Gender News in Taiwan
2019.08.05
UN group asked to correct Taiwan’s name, MOFA says

The Ministry of Foreign Affairs has asked the UN Entity for Gender Equality and the Empowerment of Women to correct its identification of the nation as a “province of China” on its Web site.

The organization, also known as UN Women, yesterday posted an image that outlined countries and regions of the world that legally allow same-sex marriage.

The image contained a flag of Taiwan, which was labeled as “Taiwan, Province of China.”

“China is taking credit for something it did not do and the UN is complicit in propagating falsehoods. Taiwan is not a part of China and that is the reality,” the Taipei Economic and Cultural Office in New York said in a comment on UN Women’s Facebook post.

UN Women was also the cause of controversy in April when it sent a tweet about Taiwan’s first female baseball umpire, Sophiyah Liu (劉柏君), who it also said was from “Taiwan, Province of China.”

That tweet was later deleted and Liu’s place of residence was given as “Chinese Taipei.”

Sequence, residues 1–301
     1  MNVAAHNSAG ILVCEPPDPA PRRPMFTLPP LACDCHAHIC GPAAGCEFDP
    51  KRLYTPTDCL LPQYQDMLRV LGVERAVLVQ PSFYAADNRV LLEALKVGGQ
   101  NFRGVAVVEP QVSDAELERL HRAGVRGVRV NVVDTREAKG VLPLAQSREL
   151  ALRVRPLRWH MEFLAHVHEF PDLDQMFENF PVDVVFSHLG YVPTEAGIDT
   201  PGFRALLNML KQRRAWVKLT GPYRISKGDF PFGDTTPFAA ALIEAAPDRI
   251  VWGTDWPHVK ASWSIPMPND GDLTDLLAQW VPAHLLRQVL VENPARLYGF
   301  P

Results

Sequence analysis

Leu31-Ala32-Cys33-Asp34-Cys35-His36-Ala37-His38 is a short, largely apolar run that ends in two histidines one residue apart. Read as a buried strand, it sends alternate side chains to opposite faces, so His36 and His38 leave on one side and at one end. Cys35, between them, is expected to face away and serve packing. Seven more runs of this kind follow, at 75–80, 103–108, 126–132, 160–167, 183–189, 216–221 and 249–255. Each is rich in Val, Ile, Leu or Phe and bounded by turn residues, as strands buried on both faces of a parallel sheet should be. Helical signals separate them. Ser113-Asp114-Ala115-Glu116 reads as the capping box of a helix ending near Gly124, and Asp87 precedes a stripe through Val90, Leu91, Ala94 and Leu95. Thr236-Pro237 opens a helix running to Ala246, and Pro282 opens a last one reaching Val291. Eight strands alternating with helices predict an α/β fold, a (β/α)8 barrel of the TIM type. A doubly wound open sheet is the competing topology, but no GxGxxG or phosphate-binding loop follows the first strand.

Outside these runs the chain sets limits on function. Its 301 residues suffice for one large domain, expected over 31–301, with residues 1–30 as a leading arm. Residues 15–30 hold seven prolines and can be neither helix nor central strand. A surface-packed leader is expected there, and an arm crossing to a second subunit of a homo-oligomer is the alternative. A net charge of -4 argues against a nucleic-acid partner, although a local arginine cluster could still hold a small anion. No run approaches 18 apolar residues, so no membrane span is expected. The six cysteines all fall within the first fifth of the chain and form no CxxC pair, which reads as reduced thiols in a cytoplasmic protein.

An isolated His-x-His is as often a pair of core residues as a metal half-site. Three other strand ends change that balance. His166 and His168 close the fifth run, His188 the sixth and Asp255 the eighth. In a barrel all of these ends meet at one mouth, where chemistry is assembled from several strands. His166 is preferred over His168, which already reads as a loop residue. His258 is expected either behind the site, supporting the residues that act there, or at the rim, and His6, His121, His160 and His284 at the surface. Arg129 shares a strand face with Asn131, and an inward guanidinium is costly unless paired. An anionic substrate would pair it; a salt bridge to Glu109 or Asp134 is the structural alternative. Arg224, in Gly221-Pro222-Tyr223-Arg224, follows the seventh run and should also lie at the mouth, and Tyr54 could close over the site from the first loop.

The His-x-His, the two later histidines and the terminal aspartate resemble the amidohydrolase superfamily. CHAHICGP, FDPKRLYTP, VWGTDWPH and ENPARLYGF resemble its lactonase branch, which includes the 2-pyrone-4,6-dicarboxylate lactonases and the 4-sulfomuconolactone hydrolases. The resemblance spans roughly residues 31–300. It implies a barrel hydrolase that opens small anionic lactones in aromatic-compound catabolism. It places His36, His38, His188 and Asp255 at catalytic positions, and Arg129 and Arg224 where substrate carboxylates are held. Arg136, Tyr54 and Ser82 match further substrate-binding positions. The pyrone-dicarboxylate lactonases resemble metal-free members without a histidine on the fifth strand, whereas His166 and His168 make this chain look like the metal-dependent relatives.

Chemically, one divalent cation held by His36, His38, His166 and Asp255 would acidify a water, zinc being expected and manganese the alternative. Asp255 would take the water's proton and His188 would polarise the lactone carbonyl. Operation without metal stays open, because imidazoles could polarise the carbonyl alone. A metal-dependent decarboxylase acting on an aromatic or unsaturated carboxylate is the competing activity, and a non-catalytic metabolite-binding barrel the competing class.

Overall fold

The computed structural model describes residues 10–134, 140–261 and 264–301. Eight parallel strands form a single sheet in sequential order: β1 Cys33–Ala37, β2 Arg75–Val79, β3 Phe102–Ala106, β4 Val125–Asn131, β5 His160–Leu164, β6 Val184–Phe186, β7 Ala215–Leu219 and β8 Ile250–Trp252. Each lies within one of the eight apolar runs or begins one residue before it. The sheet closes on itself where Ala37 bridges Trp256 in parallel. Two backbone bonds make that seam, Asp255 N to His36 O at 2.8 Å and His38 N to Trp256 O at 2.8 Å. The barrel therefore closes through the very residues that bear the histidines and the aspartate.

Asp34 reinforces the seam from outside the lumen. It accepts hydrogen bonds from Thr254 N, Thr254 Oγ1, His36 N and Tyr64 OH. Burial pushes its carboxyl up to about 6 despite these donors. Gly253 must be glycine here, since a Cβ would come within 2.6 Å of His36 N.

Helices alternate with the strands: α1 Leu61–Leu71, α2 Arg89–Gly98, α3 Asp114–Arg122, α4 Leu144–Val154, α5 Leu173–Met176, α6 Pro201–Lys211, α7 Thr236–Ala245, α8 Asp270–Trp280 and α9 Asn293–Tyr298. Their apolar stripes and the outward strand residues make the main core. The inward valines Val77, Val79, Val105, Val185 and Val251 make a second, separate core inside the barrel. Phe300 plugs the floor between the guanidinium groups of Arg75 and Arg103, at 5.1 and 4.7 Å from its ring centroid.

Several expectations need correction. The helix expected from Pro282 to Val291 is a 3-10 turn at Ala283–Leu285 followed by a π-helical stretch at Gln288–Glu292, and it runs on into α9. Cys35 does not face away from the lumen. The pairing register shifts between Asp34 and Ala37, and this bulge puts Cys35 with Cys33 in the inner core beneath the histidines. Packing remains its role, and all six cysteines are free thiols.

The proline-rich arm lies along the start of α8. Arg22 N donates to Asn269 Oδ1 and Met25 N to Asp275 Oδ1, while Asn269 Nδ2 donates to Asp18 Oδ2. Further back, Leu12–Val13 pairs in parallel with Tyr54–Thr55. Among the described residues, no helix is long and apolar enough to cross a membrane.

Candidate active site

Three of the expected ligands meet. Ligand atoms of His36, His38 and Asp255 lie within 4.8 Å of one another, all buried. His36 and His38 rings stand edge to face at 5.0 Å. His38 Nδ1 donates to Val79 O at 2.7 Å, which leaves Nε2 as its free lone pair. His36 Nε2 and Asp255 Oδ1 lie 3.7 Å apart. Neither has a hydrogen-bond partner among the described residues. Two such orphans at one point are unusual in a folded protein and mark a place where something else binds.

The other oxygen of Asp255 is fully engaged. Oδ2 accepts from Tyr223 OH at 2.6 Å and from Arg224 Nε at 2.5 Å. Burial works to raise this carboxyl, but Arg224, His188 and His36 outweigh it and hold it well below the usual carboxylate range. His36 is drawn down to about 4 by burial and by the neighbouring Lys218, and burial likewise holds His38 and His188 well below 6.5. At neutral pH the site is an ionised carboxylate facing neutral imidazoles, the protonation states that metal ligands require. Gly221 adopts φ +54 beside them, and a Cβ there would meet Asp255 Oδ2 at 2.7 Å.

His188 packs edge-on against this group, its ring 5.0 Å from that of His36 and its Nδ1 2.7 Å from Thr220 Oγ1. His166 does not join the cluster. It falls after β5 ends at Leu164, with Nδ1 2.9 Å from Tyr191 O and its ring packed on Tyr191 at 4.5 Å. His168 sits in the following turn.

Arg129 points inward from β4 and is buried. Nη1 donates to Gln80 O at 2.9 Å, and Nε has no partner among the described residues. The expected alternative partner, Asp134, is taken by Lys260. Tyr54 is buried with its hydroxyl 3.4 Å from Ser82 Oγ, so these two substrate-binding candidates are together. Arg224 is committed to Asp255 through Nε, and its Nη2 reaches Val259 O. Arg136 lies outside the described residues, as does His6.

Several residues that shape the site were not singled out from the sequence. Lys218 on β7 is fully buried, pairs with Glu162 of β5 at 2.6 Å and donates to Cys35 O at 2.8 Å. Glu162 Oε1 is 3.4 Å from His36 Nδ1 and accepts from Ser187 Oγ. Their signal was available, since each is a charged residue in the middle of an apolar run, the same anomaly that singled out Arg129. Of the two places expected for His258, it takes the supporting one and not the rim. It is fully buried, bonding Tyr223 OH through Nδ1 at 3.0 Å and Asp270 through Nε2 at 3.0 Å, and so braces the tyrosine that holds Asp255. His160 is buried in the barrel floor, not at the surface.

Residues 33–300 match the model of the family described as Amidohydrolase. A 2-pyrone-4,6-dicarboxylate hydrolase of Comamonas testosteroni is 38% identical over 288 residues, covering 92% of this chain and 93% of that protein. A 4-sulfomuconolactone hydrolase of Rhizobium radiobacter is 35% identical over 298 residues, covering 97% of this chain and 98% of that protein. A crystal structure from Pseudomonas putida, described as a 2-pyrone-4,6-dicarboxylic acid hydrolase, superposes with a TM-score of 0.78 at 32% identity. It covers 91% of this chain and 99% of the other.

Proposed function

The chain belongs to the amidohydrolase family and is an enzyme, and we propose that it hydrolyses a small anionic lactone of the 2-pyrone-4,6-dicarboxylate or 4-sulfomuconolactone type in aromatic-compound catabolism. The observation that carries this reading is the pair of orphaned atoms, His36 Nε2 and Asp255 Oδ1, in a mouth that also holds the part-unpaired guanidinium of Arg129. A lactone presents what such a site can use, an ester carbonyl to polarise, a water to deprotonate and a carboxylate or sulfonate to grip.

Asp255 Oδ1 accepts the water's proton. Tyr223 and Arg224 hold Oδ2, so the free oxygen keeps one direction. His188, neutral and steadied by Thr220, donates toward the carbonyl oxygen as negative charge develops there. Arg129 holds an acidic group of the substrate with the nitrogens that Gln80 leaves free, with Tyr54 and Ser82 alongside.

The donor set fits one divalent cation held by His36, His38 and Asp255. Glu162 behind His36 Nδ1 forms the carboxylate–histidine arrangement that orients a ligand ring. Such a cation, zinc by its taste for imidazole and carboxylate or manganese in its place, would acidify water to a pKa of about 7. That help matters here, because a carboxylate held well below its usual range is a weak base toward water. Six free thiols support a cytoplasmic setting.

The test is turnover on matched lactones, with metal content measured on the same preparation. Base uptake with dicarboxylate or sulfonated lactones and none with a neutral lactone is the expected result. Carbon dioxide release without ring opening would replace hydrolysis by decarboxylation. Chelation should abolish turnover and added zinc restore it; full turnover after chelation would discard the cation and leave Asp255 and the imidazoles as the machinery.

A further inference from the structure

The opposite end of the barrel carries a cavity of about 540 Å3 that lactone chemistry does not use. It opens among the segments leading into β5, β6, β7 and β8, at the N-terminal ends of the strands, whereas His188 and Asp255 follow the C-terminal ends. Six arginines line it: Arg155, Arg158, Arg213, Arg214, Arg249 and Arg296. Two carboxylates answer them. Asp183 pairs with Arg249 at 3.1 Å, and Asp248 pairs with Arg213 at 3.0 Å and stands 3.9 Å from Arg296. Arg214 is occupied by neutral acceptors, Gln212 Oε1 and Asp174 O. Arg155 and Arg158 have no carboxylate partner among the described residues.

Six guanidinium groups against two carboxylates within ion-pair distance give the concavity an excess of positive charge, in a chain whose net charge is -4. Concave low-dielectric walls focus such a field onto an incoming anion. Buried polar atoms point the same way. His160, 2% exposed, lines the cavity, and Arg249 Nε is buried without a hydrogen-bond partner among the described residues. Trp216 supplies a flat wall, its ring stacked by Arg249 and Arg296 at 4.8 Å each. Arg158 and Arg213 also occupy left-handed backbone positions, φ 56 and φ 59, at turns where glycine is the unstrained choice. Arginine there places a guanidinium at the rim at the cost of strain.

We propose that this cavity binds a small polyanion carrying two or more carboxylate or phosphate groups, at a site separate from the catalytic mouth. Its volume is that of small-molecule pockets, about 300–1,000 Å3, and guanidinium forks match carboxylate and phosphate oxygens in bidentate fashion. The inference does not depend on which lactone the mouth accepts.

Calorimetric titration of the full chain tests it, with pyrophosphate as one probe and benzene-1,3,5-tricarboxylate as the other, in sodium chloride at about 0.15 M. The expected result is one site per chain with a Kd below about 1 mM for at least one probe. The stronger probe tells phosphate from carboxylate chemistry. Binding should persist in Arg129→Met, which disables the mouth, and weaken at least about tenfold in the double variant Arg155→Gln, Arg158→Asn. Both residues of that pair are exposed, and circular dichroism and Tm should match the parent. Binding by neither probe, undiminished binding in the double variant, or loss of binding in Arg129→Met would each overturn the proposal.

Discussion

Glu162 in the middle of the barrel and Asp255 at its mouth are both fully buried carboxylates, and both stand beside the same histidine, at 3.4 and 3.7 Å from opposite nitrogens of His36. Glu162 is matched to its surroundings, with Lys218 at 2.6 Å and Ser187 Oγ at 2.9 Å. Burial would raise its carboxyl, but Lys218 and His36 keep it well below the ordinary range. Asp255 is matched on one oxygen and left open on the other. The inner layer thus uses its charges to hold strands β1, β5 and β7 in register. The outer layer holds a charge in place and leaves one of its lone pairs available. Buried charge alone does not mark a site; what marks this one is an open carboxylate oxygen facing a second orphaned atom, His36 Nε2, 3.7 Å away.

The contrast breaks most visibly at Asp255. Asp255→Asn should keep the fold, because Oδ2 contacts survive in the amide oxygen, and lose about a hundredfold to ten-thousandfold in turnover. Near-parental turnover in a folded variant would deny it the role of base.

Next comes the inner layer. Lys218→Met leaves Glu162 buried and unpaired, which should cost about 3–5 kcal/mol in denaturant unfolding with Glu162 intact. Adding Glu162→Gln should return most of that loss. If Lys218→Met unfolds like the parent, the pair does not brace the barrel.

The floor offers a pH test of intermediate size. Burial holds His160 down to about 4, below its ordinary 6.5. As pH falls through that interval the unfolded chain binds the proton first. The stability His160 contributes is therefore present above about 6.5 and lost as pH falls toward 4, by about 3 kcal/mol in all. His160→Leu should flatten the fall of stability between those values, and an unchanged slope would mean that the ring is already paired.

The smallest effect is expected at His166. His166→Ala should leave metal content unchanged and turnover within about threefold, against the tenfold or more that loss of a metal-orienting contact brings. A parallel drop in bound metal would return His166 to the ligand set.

Comments on UN Women’s latest post ranged from those expressing gratitude for recognizing Taiwan’s legalization of same-sex marriage while calling on it to change the way it refers to the nation, to those condemning the UN for the gaffe.

“The reason Taiwan could recognize same-sex marriage is because we have democracy and mature civil society, and WE ARE NOT A PROVINCE OF CHINA!! TAIWAN IS TAIWAN!!” Social Democratic Party politician Jennifer Lu (呂欣潔) wrote.

“Thank you for recognizing Taiwan, but we are not a province of China,” a user surnamed Kao wrote.

[Taipei Times, 2019-08-05]

  Gender News
in Taiwan
Capacity
Building
Women’s Rights in Taiwan Historical Reporting Cycles Reporting Cycle: 2018 Videos  
  International Training Workshop on the Implementation of CEDAW The International Conference on the CEDAW Mechanism CEDAW Alternative Report Workshop Overview Ratification of International Human Rights Treaties Enforcement Act of CEDAW Reporting Cycle: 2014 Reporting Cycle: 2009